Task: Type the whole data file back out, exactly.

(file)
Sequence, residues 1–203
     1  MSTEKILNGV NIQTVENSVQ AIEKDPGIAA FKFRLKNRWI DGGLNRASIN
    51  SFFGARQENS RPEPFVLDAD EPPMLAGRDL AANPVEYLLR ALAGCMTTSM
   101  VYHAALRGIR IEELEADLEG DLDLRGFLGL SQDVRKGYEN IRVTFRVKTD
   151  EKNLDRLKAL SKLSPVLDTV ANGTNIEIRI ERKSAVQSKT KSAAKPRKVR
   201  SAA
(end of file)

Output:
Sequence, residues 1–203
     1  MSTEKILNGV NIQTVENSVQ AIEKDPGIAA FKFRLKNRWI DGGLNRASIN
    51  SFFGARQENS RPEPFVLDAD EPPMLAGRDL AANPVEYLLR ALAGCMTTSM
   101  VYHAALRGIR IEELEADLEG DLDLRGFLGL SQDVRKGYEN IRVTFRVKTD
   151  EKNLDRLKAL SKLSPVLDTV ANGTNIEIRI ERKSAVQSKT KSAAKPRKVR
   201  SAA